The Rose report is a detailed investigation into the identification and teaching of young people with dyslexia and literacy difficulties. Presented in 2009, it defined dyslexia as a learning difficulty that primarily affects the skills involved in accurate and fluent word reading and spelling with characteristic difficulties with phonological awareness, verbal memory and verbal processing speed. The report noted that motor coordination and sensory difficulties such as visual stress can occur alongside dyslexia.  While visual stress may contribute to the overall difficulties that a dyslexic individual experiences it is unlikely to be a cause of dyslexia  however a higher prevalence of visual stress is found in individuals with dyslexia than in good readers.
While research supports the existence of visual stress, there are inconsistencies in the diagnosis of the condition. Twenty eyecare professionals including optometrists, orthoptists and opticians, joined three key vision and perception researchers to clarify presenting symptoms and improve the consistency of diagnosis for visual stress. They designed “practical diagnostic guidelines for visual stress” published here . The guidelines list headaches, repetition, and the appearance of words moving when reading, and the appearance of patterns or shadows in the text as some of the key indicators. The guidelines also list a personal history of dyslexia as an indicator that there is a greater likelihood that visual stress may be present.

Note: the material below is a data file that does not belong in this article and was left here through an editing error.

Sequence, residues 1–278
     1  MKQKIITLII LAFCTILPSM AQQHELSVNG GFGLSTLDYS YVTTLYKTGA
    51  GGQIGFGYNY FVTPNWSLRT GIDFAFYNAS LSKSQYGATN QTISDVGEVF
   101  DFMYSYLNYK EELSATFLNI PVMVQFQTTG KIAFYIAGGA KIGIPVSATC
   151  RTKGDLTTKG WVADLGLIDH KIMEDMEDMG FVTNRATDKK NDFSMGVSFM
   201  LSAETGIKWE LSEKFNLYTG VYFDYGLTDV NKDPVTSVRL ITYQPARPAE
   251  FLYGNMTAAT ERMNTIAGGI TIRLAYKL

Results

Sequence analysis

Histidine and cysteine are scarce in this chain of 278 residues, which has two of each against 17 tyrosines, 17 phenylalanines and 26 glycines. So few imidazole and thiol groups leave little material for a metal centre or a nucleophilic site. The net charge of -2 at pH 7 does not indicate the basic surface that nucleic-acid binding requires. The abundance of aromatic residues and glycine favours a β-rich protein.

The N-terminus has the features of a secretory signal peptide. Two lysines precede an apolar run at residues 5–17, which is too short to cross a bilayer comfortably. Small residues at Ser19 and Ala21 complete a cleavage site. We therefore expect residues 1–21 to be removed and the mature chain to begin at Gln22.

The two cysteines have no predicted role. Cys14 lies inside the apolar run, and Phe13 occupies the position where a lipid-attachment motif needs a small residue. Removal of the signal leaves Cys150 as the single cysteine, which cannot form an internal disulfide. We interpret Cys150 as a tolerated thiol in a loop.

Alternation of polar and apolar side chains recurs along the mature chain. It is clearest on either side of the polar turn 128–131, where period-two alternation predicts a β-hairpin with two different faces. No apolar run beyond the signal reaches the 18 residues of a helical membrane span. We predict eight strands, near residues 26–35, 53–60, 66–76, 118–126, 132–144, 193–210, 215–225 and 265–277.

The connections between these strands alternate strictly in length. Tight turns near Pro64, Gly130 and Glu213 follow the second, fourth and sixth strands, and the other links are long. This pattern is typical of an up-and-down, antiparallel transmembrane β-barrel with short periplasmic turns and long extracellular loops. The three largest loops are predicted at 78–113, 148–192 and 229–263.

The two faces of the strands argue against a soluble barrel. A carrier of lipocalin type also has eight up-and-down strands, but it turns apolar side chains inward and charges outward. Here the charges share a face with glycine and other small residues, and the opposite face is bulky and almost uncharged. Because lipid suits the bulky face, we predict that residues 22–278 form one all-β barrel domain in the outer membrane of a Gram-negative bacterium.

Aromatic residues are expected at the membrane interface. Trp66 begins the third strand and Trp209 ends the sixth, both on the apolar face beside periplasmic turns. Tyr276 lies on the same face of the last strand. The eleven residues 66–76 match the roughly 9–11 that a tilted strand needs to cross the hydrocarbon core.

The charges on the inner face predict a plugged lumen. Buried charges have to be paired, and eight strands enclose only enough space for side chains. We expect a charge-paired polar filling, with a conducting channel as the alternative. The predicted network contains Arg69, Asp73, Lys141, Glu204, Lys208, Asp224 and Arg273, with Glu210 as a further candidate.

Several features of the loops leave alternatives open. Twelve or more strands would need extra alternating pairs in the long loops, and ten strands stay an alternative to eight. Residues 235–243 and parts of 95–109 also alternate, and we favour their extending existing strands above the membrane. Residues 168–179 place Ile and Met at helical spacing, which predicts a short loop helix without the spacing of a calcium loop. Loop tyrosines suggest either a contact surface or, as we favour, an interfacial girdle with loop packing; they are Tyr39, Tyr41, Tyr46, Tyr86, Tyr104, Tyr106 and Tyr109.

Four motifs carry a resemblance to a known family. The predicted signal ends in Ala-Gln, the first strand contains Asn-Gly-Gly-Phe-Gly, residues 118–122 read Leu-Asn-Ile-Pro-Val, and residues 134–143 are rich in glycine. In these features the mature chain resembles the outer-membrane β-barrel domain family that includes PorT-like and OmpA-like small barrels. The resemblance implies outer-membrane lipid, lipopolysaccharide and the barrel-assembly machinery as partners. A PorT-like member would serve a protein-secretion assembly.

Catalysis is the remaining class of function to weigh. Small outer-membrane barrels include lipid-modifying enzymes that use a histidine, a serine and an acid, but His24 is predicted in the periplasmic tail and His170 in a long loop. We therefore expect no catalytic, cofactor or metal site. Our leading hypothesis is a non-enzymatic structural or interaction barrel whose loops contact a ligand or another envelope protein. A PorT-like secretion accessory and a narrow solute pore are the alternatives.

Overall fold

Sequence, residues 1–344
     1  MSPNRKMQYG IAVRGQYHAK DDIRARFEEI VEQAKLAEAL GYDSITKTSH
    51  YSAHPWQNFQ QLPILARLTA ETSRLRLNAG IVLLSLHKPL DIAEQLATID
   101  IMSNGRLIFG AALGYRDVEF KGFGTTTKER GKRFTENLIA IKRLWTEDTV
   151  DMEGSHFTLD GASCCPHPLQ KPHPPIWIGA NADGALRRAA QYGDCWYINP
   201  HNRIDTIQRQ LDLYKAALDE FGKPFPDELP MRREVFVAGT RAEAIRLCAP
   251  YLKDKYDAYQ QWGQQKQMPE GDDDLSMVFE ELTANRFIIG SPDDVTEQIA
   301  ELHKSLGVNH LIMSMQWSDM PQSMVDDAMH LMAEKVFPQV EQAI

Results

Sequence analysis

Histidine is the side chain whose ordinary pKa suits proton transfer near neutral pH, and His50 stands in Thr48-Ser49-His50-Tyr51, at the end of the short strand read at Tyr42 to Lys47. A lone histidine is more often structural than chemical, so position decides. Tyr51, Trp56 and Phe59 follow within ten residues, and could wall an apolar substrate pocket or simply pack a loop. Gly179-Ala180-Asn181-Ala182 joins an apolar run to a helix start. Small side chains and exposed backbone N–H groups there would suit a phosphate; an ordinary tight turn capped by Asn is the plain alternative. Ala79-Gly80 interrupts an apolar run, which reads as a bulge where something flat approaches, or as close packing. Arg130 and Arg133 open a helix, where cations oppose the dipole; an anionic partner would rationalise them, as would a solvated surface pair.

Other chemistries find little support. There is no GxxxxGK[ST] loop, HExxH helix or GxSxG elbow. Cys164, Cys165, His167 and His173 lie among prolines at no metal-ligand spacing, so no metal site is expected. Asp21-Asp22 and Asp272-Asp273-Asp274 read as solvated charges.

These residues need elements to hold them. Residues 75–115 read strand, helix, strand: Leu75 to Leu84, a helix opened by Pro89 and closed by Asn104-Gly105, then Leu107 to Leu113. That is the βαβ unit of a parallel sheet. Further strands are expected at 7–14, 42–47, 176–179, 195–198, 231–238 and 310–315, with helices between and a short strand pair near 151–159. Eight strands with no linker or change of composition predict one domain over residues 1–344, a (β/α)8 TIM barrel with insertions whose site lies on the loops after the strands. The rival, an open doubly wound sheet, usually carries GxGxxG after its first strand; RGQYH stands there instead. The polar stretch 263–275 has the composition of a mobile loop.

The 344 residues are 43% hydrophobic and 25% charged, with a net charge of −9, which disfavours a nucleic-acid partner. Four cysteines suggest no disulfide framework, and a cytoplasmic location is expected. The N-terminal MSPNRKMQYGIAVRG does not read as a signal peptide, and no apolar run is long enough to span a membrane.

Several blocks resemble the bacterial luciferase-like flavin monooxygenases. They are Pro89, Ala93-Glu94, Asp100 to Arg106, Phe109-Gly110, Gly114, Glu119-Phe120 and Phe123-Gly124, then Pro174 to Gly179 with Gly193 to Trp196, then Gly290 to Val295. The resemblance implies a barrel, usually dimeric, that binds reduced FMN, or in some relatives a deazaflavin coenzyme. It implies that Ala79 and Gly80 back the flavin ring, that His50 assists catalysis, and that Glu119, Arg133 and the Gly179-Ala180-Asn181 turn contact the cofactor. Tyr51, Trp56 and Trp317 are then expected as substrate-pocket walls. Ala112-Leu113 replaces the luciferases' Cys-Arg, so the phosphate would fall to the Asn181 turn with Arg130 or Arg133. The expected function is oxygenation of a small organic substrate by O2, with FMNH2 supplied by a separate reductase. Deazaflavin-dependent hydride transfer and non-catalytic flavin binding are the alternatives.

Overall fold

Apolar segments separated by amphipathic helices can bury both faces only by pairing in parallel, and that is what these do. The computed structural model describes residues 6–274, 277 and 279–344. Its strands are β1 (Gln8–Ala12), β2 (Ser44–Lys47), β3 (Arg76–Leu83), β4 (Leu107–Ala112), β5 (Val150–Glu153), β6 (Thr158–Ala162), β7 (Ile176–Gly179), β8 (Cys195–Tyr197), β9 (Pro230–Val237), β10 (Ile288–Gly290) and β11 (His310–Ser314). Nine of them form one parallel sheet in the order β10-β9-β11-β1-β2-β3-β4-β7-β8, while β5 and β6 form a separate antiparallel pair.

While visual stress is distinct from dyslexia, it sometimes co-occurs with dyslexia and the symptoms reported such as word or letter movement may get confused as being caused by dyslexia. These key indicators to visual stress listed above are also often listed as indicators of dyslexia. If perceptual distortions are reported it should be investigated as visual stress. Individually prescribed coloured filters have been shown to reduce perceptual distortions such as word movement, to improve reading performance in people with visual stress. While filters may make reading easier because the perceptual distortions are removed, filters are unlikely to influence the phonological and memory deficits associated with dyslexia and therefore are not a treatment for dyslexia. 
Because of these visual aspects of dyslexia, it is essential to visit an optometrist to rule out vision issues that may be contributing to difficulties, and to test for visual stress to identify and treat visual perceptual problems.